With spring just around the corner, now is the time to start thinking about getting your commercial landscape in tip-top shape. As more people begin returning to the office or venturing out more often, these outdoor spaces are likely to have more eyes on them than ever. Don’t wait too long to make lawn or landscaping efforts that will help get your commercial property in optimal condition—and set you apart from the crowd.
According to Kevin Hazelgrove, region manager for Ruppert Landscape, which is headquartered in Laytonsville, Maryland but has branches nationwide, this is the time of year when they’re focused on getting customers’ properties cleaned up and ready for spring. This includes a number of important tasks including re-edging and cleaning beds of debris; pruning or cutting back existing material such as perennials, shrubs, ornamental grasses, and trees; and treating turf and beds with pre-emergent controls to provide a protective barrier that prevents weeds from germinating.
Hazelgrove emphasizes the importance of getting pre-emergent controls down within the proper timeframe. After weeds begin to germinate, they will no longer be effective, and you’ll have missed the window.
“Once all of the beds have been prepped, mulching is another key task,” he adds. “It gives the property a fresh, clean look for visitors. In later spring, damaged turf areas can be re-seeded or large areas can be overseeded with fertilizer applied.”
Joseph Barnes, marketing director for Yellowstone Landscape, a commercial landscaping company with locations across the United States adds that now is also a good time to think about transplanting trees or shrubs that have outgrown their current location. Transplanting now can help ensure viability as the temperatures begin to rise and plants begin to require more water.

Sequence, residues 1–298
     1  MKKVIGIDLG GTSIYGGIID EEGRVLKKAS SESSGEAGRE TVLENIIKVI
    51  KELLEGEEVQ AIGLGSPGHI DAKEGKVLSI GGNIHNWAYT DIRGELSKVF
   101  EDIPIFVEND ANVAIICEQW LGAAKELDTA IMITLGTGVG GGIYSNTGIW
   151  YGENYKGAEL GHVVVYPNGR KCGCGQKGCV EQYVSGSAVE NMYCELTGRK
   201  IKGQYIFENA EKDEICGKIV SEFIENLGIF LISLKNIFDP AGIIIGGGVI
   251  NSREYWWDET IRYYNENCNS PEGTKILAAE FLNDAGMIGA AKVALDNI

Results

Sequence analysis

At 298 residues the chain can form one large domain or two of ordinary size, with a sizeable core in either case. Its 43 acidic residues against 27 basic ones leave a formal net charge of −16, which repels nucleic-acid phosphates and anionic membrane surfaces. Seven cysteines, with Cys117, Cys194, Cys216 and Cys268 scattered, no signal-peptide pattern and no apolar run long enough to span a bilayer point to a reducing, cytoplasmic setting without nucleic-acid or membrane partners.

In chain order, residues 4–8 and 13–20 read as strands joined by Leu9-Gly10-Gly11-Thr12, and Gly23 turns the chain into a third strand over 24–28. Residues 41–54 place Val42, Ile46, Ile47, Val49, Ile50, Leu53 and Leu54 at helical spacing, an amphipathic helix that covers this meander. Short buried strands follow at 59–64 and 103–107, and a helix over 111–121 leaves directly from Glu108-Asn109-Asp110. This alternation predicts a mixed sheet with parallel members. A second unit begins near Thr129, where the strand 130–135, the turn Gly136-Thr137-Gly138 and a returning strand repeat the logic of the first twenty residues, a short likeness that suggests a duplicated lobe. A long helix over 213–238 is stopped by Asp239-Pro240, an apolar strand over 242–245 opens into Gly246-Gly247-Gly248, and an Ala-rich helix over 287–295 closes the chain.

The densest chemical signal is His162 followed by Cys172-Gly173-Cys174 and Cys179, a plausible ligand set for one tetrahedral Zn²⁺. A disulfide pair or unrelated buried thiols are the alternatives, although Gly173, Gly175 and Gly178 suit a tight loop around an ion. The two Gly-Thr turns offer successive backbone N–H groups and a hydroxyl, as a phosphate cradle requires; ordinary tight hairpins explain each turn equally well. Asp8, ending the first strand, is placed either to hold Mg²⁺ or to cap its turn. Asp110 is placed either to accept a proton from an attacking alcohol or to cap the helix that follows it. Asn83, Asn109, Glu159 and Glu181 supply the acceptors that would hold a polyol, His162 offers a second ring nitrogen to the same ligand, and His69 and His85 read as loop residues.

In early spring, it’s also important to start thinking about prepping turf to become the lush, green carpet you desire. Barnes says that as new growth begins to emerge, be sure to rake up dead grass throughout the lawn. This allows the new growth to surface while allowing for better nutrient and water penetration.
Bob Grover, president of Pacific Landscape Management in Portland, Oregon, and president-elect of the National Association of Landscape Professionals says that in wetter climates, it’s not uncommon for moss to develop over the wet season. Treating in the early spring will help control this growth and allow the lawn to grow healthier and thicker, he says.
“As cold weather subsidies, activating, cleaning, and adjusting irrigation systems is important to be prepared for the drier weather later in the spring,” he adds.
Ultimately, all of these efforts can help to get your landscape off on the right foot as the growing season begins. While winter can take a toll, the sooner you begin some of these spring preparation tasks, the better off you’ll be. Once your property’s landscaping and turf begin to grow, it’s even more essential to keep up.
Enhancing Outdoor Spaces